This fan fiction is based on the Rurouni Kenshin manga. Rurouni Kenshin characters are the property of creator Nobohiro Watsuke, Shueisha, Shonen Jump, Sony Entertainment, and VIZ Comics. This is a non-profit work for entertainment purposes only. Permission was not obtained from the above parties.
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Tittle Tattle

by amamiya ::: 16.Jun.2003

“They were shouting at each other again in the Kamiya dojo yesterday,” commented old Granny Umeko as she sipped her tea thoughtfully. Auntie Ren nodded, and popped a rice ball into her mouth with two nimble fingers. She smiled briefly, savoring the taste, and the two old women sat in silence for a moment, enjoying each other’s company. They were sitting inside Granny Umeko’s house, which just happened to be behind an old dojo… A dojo that just happened to be owned by a young girl named Kamiya Kaoru.

Auntie Ren wiped her lips with a clean napkin and drank a little of her tea, nodding in satisfaction.

“You know,” she said suddenly, with a slightly conspiratorial gleam in her eyes. Granny Umeko leaned forwards slightly, eagerly anticipating whatever juicy gossip Auntie Ren had in store for her. “The other day I was at the markets, shopping for a present for my niece Tokiko… you know the little girl who had the terrible cough a few weeks back? I bought her a lovely silk ribbon embroidered with flowers… I must show it to you later… Anyway, who else did I see but the redhead Himura Kenshin and his friend… you know, the tall, lanky one?”

”That uncouth looking fellow?” Granny Umeko frowned in distaste, recalling vaguely the young man that Auntie Ren was talking about. She remembered his rough looking bandaged hands and that silly kanji that he wore on his back and shook her head slightly. “Honestly, I don’t know why the Kamiya girl allows him to visit all the time. He’s a bad influence on them, especially on the young boy.”

“Yes, well…” Auntie Ren waved away Umeko’s concerns with a little hand motion. “They were coming out of the Akabeko…”

”The place that serves the good hot-pot?”

”Yes, that’s the place… run by a girl called Tae… lovely young lady, she is… Anyway, they were coming out of that restaurant when I saw them. Of course, they don’t really know me, so I wasn’t going to say hello to them or anything like that, but just as I was about to walk past, I stopped, because three unsavory looking characters - young hoodlums, really - appeared suddenly in the middle of the street!” Ren’s astonishment at this still seemed to echo in her voice, which had risen an octave. Granny Umeko arched her eyebrows as she delicately poured herself another cup of tea.

“Yakuza thugs, I’ll bet,” she commented, as her wise old black eyes narrowed slightly. “They think they own this town, but they’re nothing but a bunch of derelicts and criminals! If only my Yoshimitsu were still here, he’d show them a thing or two about respect…”

“I’m sure he would…” Auntie Ren brushed something off the sleeve of her kimono and straightened her aching back. “Well so there was Himura and his tall friend, just walking out of the restaurant, and these three awful men suddenly appear out of nowhere. One of them, he must have been their leader or something like that… he pulls out this funny looking knife… it was very long, for a knife, but then again, it wasn’t quite a sword either, because I have seen a few of those, and they are much, much longer.”

Granny Umeko sniffed. “Perhaps it was just a wakizashi or something like that… Riff-raff will use any weapon that they can get their hands on, even if they don’t know what they’re doing. Young people these days have no respect for the proper techniques and traditions.” The old woman frowned a little at this, but Auntie Ren failed to notice, or perhaps simply didn’t want to. Ignoring the faint sound of voices that filtered to her ears from outside, as she had Granny Umeko’s dark expression, she resumed speaking.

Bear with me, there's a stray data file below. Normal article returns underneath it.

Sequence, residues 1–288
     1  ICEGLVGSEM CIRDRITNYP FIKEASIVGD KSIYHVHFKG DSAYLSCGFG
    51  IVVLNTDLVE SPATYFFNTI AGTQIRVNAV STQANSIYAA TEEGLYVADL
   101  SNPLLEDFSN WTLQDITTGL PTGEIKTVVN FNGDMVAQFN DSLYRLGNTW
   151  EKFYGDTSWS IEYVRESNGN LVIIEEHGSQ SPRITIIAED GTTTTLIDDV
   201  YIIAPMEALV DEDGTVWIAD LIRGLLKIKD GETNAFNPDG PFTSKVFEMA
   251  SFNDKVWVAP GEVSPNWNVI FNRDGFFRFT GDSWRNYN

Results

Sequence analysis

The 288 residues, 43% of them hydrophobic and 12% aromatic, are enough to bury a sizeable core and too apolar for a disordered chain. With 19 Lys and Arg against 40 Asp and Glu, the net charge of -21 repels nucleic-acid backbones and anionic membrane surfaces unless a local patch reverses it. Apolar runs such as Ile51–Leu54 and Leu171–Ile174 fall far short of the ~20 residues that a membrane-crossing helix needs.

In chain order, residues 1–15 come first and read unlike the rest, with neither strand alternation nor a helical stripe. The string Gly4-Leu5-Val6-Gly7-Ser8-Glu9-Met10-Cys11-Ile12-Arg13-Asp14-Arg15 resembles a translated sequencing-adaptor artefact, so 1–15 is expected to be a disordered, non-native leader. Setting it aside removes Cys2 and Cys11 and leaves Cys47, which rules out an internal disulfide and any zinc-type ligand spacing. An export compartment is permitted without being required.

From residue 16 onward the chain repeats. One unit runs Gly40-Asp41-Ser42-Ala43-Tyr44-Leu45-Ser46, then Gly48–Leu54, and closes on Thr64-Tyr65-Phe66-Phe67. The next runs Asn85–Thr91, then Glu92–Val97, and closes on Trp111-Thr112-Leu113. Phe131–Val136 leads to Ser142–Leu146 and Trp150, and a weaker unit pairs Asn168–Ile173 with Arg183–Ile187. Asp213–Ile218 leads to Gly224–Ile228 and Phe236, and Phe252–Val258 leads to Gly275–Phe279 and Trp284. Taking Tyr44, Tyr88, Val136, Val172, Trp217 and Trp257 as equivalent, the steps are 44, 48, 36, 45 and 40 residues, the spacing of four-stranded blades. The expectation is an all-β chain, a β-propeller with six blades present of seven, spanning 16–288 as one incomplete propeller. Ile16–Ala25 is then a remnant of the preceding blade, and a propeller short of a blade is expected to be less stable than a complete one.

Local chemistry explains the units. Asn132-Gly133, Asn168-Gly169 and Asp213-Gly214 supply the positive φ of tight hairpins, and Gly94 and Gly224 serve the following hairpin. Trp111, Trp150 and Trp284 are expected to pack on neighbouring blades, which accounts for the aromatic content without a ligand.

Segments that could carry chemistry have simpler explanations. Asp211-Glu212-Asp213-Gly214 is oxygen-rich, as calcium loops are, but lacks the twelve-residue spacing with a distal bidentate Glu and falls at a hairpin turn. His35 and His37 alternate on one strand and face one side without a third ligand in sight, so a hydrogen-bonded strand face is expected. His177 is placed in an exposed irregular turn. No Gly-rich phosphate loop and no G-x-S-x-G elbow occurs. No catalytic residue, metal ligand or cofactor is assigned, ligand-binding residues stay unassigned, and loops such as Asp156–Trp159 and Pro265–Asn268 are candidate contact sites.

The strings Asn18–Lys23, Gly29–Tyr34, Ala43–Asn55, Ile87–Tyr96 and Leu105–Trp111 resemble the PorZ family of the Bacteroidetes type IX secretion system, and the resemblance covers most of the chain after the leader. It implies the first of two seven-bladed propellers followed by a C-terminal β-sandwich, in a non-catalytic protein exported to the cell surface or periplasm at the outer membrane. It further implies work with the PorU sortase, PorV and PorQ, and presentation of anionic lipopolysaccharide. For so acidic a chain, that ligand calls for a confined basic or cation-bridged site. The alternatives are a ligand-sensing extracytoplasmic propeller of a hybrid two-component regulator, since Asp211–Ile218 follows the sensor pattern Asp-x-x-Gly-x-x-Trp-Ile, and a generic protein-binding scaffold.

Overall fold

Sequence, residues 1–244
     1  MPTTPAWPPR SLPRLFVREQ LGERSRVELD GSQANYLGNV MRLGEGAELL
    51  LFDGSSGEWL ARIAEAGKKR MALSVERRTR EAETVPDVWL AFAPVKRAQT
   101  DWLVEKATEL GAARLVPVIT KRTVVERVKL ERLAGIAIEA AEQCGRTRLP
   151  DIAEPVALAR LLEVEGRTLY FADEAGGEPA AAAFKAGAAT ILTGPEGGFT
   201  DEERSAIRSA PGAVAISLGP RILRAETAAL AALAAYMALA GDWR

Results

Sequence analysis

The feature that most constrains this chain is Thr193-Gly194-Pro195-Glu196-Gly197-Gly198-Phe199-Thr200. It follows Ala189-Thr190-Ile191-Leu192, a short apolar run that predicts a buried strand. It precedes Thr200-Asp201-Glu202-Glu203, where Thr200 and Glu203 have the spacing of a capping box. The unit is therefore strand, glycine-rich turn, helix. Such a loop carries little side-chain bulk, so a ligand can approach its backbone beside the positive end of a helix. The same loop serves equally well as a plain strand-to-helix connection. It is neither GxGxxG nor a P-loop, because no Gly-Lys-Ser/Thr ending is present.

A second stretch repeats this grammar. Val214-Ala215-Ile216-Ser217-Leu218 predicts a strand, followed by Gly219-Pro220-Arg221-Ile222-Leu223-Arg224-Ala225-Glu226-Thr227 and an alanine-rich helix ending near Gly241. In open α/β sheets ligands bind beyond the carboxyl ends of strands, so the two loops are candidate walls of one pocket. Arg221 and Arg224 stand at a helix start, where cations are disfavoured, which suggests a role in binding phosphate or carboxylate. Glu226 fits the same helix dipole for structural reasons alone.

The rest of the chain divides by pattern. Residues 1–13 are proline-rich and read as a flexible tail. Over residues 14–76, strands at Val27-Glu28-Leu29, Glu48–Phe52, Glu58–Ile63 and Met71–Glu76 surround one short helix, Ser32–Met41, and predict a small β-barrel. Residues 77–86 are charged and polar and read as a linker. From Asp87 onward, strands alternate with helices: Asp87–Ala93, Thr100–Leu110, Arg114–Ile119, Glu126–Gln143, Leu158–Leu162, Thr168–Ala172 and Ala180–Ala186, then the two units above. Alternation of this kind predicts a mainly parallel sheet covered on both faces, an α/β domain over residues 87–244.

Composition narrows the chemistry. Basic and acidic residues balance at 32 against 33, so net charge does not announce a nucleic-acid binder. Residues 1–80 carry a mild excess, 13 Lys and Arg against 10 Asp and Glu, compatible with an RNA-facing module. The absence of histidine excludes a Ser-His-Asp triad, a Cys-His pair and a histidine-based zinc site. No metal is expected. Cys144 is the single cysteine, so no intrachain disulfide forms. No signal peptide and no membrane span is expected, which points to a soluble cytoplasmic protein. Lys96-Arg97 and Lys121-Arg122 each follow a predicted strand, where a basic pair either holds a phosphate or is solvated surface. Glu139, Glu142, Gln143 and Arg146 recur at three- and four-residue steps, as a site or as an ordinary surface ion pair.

“And then,” she continued, still caught in the grip of her own story. “He turns to poor Himura and says something like; ‘I know who you are, Battousai, and you can’t hide from us any longer! Prepare to die!’” Auntie Ren shook her head slightly. There was a scandalized expression on her wide face. “Of course, there was a lot more dirty language involved in what he actually said, but I don’t really want to repeat it. Imagine that! That foolish hoodlum actually thought that the Kamiya girl’s silly little redhead was Hitokiri Battousai!”

Auntie Ren’s disbelief however, was not reflected in Granny Umeko’s doubtful expression. “I don’t know…” she said slowly, and took another, thoughtful sip of tea. “There have been rumours…”

“Like what?” scoffed Auntie Ren, chuckling in her deep, hearty voice. “That he was the hitokiri by whom all hitokiri measure themselves? That he was a terror during the Bakumatsu, killing hundreds as easily as one might slice through tofu? Don’t be absurd, Umeko-san. You can’t believe all the silly gossip of the townsfolk. They tend to exaggerate; to make fact out of fiction. Besides, you’ve seen Himura Kenshin for yourself. He’s tiny, especially for a man!”

But Granny Umeko was not convinced. After all, she had been living behind the dojo ever since the strange little rurouni had decided to move in. She had seen some of the extraordinary things that had occurred there.

“How then,” she began, “does that explain all of the fighting that goes on at the Kamiya dojo? They get attacked by criminals all the time; by gangs, madmen, thugs… And it’s not the girl that they’re after. It’s always Himura.”

“Are you sure?” Auntie Ren’s tone of voice was slightly condescending, and this caused Granny Umeko to feel just a little indignant.

“I’m not deaf and dumb yet, Ren,” she replied, setting her empty tea-cup down a little harder than was necessary. “I know what I saw, and what I heard. And what I see and hear most of the time is people going to that dojo and challenging that little red-haired man to fight them. Of course, he always wins, with that strange reversed sword of his. Never kills them, but I’ve seen a few carried out of there with bruises and broken bones and injuries bad enough to make them think twice about fighting ever again.”

Auntie Ren nodded a little distractedly. She still didn’t believe that the man was Hitokiri Battousai - after all, she wasn’t the type to place much stead in silly rumors and superstitions, however Granny Umeko had brought up an interesting point.